11 November 2007

The Disappointments of History

The mummy of King Tutankhamun has been unwrapped at Luxor, and we are now invited to gaze upon the face — leathery, emaciated, and silent — of history. He was only 19 when he died: a reminder to stay out of the sun. Apart from his resemblance to a typical Florida retiree, King Tut doesn’t tell us much. We are free to imagine that he would enjoy a brisk round of shuffleboard about now, but that he would find butterfly ballots unduly challenging.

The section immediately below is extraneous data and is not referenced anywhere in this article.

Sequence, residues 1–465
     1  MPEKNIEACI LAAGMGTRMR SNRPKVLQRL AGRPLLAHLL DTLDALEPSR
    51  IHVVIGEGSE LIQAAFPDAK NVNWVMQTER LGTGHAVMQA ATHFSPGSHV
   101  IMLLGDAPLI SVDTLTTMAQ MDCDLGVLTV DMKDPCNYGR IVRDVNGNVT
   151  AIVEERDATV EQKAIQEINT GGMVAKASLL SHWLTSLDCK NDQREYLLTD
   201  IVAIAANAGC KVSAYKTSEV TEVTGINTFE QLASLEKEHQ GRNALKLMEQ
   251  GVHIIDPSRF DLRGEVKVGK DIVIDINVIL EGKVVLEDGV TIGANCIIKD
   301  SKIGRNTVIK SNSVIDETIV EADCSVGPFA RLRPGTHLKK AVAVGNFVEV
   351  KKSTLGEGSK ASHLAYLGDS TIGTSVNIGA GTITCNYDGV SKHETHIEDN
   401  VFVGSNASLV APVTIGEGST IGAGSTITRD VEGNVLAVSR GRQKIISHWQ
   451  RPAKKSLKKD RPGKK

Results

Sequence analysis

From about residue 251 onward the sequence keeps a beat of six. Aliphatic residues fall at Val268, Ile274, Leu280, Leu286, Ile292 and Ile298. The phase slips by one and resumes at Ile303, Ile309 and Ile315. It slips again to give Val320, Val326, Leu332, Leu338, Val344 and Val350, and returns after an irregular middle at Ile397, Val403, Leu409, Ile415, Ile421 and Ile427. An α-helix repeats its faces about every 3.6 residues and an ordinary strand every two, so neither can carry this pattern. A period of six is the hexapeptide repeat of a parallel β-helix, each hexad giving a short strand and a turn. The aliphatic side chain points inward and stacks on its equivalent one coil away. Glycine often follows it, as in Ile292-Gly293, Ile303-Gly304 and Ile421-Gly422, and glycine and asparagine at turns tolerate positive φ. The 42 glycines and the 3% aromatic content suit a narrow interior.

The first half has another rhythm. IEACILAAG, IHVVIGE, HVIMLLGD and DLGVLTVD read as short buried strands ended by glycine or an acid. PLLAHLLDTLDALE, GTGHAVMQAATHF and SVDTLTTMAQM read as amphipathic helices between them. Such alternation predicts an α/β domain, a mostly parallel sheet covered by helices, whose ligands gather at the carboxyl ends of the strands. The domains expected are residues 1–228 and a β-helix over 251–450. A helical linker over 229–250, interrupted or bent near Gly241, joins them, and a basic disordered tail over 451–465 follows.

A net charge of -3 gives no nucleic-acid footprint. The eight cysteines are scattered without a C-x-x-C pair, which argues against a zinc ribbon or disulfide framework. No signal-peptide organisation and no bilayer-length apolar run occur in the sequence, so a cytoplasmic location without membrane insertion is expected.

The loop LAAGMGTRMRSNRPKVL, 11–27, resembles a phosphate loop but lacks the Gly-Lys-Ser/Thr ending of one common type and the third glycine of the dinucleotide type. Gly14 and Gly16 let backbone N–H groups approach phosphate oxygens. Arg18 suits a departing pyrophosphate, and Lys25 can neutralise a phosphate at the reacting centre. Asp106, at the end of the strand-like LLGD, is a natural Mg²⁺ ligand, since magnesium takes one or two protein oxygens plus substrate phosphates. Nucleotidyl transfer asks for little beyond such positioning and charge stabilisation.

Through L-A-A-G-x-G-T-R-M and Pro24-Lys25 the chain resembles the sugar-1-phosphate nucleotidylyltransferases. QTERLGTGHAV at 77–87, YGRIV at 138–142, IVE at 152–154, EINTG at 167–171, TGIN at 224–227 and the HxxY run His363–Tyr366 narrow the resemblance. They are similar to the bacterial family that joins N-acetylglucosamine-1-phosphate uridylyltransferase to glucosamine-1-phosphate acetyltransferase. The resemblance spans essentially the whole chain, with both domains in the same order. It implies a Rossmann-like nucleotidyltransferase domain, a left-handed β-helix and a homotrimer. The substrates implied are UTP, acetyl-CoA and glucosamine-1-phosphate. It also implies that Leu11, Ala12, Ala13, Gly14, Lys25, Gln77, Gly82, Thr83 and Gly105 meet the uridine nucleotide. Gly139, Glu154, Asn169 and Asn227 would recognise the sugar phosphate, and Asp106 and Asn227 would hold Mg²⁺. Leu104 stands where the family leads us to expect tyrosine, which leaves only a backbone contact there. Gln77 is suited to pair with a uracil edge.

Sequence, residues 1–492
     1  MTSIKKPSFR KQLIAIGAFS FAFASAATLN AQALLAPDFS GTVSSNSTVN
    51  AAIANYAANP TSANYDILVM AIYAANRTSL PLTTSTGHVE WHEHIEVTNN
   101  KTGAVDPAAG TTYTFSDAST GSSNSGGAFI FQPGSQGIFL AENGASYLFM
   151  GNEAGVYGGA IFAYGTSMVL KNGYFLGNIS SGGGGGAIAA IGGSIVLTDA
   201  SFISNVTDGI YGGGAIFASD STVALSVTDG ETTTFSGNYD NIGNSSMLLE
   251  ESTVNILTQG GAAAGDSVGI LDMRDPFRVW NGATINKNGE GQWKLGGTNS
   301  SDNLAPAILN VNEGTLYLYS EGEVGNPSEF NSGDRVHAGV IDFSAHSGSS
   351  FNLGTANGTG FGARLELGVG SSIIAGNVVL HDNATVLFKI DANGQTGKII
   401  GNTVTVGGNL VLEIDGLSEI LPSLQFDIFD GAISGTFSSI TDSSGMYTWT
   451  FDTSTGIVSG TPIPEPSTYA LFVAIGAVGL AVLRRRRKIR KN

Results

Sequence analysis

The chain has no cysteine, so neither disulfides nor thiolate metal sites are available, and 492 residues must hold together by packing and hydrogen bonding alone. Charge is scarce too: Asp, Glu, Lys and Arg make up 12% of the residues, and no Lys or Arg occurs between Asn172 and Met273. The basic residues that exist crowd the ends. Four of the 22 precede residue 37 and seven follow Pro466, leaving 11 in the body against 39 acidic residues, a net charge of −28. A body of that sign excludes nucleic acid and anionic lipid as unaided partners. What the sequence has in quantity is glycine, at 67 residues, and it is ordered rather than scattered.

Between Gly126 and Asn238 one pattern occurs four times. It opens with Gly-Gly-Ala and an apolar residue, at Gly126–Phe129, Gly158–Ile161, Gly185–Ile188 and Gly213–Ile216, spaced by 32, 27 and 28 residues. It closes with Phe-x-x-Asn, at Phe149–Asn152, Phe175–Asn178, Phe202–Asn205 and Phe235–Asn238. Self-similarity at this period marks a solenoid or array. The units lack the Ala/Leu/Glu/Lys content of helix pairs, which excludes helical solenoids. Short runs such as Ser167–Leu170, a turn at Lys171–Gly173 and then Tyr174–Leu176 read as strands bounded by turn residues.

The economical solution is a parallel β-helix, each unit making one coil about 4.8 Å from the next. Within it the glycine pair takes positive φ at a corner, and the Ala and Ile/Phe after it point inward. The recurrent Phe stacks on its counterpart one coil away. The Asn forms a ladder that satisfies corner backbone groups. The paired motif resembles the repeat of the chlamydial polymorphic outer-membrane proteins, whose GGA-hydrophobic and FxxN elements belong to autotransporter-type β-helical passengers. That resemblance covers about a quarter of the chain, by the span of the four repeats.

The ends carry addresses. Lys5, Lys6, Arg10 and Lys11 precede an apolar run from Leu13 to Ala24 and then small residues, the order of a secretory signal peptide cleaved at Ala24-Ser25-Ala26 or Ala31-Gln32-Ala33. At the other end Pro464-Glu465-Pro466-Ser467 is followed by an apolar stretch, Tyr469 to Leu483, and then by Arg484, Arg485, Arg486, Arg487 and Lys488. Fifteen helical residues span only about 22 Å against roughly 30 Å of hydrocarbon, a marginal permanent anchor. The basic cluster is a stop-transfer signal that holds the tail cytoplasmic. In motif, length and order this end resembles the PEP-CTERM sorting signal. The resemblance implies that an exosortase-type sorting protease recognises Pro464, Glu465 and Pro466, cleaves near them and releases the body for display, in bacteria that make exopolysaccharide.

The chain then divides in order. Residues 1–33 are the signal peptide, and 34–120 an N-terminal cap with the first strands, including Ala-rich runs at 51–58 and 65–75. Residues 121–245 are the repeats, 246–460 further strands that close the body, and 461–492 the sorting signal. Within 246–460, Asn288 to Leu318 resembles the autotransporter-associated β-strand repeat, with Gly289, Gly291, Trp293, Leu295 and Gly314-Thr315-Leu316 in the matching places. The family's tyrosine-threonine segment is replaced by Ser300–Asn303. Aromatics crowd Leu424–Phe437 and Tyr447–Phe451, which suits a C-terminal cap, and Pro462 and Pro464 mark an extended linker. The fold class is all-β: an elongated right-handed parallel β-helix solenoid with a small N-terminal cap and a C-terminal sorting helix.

He will not confirm this; he will not deny it. It is all the same to him. Our speculations will not trouble his sleep.

Living in Paris, I am often struck by the continuity of history. When I stand at the intersection of the Boulevard St-Germain and the Boulevard St-Michel, I am standing at the crossroads of the original Roman settlement, some 2000 years old. It’s freaky.

But when I look at King Tut, what I feel is less the connection with prior generations, and more the disappointment that I don’t see in him the liveliness that I find reflected in the intersection of the boulevards at rush hour. I had hoped, you see, that King Tut would reach across the centuries to embrace my contemporaries; I had hoped he would look more like this: